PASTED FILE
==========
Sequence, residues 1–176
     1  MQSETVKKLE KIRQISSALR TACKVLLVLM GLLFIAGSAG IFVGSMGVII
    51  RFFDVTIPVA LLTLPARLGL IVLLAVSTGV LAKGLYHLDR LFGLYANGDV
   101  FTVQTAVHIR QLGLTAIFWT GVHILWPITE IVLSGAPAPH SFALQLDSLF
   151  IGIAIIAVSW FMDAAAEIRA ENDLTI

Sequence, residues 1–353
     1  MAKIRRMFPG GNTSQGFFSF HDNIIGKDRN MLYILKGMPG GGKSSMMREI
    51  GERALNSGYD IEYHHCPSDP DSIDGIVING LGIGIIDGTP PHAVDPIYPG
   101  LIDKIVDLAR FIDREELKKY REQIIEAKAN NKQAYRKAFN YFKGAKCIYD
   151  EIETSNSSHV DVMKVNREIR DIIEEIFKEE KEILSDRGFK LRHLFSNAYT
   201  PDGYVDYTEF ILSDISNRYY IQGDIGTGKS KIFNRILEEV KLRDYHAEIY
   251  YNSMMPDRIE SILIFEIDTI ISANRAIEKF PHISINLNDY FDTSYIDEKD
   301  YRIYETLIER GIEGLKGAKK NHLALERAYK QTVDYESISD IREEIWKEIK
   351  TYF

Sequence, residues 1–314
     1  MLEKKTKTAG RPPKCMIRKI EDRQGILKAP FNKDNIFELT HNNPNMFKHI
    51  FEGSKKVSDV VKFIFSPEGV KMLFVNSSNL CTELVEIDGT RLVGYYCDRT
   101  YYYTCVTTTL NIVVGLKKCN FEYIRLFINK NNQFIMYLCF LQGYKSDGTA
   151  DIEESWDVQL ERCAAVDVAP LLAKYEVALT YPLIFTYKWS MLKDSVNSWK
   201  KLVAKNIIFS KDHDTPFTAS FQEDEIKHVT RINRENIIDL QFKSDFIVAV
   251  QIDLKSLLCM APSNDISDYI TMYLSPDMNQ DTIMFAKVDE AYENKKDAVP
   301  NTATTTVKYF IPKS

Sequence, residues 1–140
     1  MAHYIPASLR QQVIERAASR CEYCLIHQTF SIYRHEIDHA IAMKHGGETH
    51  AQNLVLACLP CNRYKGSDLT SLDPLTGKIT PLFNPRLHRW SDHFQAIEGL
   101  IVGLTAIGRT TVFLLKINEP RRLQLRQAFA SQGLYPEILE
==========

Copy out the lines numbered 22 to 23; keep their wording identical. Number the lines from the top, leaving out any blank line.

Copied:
   301  NTATTTVKYF IPKS

Sequence, residues 1–140